When I met my first love, my family started visiting the Los Angeles Music Center.  I was five and heard a live orchestra for the first time. People on stage were moving in time, and I was introduced to the power of live music and storytelling. I heard songs by Stephen Sondheim and other musical-theater greats during our frequent visits. And I was starstruck even then as those songs were performed by some of the world's most celebrated performers. 

When I was six, an antique upright piano arrived at the house. I was part of a large Italian family living in a medium-sized home, so the piano ended up in the garage. My parents didn’t need to nudge me to practice, and I spent untold hours in that garage creating musical ideas. 

In high school I honed my piano skills playing for the school musicals – my first paid gigs. Around that time I became obsessed with the Beatles and taught myself the guitar and electric bass. Soon I was writing songs, joined local bands, and caught the wave of the burgeoning punk music scene. 

My desire to improve my musical skills led me to study formal composition at UCLA, lured by the opportunity to study piano with Salome Arkatov, the legendary pianist, film director and producer. I discovered the innovations of Stravinsky and Debussy. But I felt pulled between that world and that of U2 and Prince. 

During this time I developed a fascination with Stanley Kubrick’s use of Bartok and Ligeti in his films. This ignited my interest in film scoring – combining the power of music with visual storytelling. I earned an MFA at the world-renowned Eastman School of Music. There I discovered the minimalism of Steve Reich and the experimental sounds of Stockhausen. Ever since then, I’ve been drawn to artists who break the mold: Miles Davis, James Brown, Led Zeppelin, and Radiohead to name a few. 

I started scoring films at USC film school to get my feet wet. One of those films was featured in the Tribeca Film Festival and won Best Documentary Short. In my time scoring films I created musical odds and ends that eventually became my album, 78 rpm (Blackties and Almost Lullabies). It’s a double EP inspired by traditional jazz and light classical.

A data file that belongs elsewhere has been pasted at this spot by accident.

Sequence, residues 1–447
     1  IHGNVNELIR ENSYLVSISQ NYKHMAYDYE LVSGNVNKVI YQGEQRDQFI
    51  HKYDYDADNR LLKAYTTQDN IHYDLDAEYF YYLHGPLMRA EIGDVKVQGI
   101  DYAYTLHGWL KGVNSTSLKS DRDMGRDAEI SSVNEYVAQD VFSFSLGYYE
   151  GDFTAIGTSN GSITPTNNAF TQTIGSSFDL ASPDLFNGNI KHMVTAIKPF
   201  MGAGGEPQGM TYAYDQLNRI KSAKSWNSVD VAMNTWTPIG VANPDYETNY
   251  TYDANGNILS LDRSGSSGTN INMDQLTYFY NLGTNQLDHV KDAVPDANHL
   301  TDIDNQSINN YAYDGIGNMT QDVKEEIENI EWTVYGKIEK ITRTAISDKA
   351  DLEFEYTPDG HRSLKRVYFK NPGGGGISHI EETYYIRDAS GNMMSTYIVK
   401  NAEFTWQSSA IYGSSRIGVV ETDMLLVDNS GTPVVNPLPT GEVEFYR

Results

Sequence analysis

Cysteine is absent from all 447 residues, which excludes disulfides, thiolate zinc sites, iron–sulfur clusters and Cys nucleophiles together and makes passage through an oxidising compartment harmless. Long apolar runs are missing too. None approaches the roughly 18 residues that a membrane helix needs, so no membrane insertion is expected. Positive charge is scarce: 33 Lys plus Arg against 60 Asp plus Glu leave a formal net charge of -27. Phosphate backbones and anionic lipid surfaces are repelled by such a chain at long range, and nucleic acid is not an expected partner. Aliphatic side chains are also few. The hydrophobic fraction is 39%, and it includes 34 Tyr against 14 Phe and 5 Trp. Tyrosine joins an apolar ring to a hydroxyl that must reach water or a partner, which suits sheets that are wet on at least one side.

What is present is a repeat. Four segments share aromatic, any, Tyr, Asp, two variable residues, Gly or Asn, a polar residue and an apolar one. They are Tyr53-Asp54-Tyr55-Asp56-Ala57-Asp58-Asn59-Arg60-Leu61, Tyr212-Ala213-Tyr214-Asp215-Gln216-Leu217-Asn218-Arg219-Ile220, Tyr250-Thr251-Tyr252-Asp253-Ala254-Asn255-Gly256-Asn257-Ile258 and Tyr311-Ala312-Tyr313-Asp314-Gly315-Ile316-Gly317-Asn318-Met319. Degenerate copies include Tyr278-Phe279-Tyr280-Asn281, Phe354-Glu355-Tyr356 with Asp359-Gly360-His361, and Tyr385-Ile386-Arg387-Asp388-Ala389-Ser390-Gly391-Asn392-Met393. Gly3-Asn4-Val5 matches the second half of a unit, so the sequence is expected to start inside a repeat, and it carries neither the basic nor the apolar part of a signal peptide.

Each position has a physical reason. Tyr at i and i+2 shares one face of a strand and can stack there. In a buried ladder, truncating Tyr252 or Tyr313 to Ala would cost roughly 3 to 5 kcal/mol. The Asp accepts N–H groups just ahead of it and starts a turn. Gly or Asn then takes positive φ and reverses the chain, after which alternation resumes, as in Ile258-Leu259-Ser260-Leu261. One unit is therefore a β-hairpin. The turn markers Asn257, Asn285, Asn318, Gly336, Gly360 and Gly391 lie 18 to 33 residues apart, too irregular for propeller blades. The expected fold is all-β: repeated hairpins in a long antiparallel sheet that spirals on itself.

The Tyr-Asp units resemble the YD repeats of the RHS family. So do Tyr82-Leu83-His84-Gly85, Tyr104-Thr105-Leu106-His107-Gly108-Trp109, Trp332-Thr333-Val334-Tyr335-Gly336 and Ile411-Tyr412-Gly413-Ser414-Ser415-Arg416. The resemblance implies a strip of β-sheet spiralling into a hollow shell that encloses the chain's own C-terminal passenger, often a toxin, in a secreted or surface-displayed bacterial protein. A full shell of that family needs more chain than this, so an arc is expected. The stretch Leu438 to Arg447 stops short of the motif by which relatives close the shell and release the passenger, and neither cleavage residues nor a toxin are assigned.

I returned to working in musical theater when I was offered the opportunity to reimagine the rock musical Godspell for the Actor's Co-op in Hollywood.  The production garnered more than 20 awards and nominations, including nods for Best Musical Director and Best Musical from the LA Weekly Theater Awards.

Like so many artists and musicians, I am a multifaceted work in progress. And I’ve been grateful to teach music privately and at the college level while navigating my path as a composer, songwriter, and multi-instrumentalist. 

Currently, I work with singer-songwriter Natalie Nicole Gilbert and Latin Grammy-nominated producer Robert Eibach. I met Natalie at a songwriting workshop years ago, and we’ve been friends ever since. Our recent collaborations began when Natalie asked for a slow piano version of “Friday I’m In Love” by The Cure. I would love for Robert Smith to hear it!

I also play bass and keys with singer-songwriter Kris Angelis. She and her actor friend Jon Huertas (“This Is Us”) played some gigs, and Jon asked me to join them. I jumped at the opportunity. Kris recently did two CD release shows at Hotel Cafe. Live-streamed shows present a challenge, but we made the best of it and had a great time. Both of her CDs we promoted entered at #1 on the iTunes Singer-Songwriter charts. 

I am also songwriting with musican/actor Cole Marcus, and I play bass at Rolling Hills Covenant Church, where I work with Matt Sallee of Pentatonix. Opportunities like that are incredibly gratifying and make the challenges of pursuing a music career all worth it!

My own compositions are melodically driven; my range resonates with my love for jazz, rock, classical, pop, electronic, and most anything in between. And my music has been heard on five continents in various mediums on shows like Jimmy Kimmel Live, VH1, and Access Hollywood.